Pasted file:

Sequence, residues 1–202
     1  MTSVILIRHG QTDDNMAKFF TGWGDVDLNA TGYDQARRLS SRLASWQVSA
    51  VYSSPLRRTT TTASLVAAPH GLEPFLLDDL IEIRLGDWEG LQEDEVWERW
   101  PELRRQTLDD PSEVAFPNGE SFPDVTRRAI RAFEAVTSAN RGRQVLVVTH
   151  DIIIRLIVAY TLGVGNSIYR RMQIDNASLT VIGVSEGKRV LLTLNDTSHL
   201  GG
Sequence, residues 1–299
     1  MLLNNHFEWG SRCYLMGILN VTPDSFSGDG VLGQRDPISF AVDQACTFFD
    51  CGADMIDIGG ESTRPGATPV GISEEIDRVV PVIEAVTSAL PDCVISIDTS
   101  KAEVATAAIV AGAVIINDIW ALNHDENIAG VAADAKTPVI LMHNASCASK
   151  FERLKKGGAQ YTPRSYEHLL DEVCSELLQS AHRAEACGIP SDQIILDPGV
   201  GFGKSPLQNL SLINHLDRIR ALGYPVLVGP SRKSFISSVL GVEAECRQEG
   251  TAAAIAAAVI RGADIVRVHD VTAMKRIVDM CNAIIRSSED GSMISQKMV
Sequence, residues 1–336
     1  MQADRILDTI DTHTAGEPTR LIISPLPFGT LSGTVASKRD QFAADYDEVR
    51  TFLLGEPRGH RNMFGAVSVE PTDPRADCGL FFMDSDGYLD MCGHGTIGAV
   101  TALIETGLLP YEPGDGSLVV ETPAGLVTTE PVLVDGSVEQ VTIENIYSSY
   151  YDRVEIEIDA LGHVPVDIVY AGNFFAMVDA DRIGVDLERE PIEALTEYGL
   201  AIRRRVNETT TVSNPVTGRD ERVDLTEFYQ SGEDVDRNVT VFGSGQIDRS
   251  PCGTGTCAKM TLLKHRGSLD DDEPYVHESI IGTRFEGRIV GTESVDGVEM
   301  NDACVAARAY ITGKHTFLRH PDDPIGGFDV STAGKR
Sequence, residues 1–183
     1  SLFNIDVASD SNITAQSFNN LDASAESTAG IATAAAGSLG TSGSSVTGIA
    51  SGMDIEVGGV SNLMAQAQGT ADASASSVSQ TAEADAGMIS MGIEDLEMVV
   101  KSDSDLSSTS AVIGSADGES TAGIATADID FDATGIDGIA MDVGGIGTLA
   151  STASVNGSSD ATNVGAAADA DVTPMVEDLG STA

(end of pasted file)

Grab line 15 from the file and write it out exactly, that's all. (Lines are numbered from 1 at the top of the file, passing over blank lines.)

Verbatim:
     1  MQADRILDTI DTHTAGEPTR LIISPLPFGT LSGTVASKRD QFAADYDEVR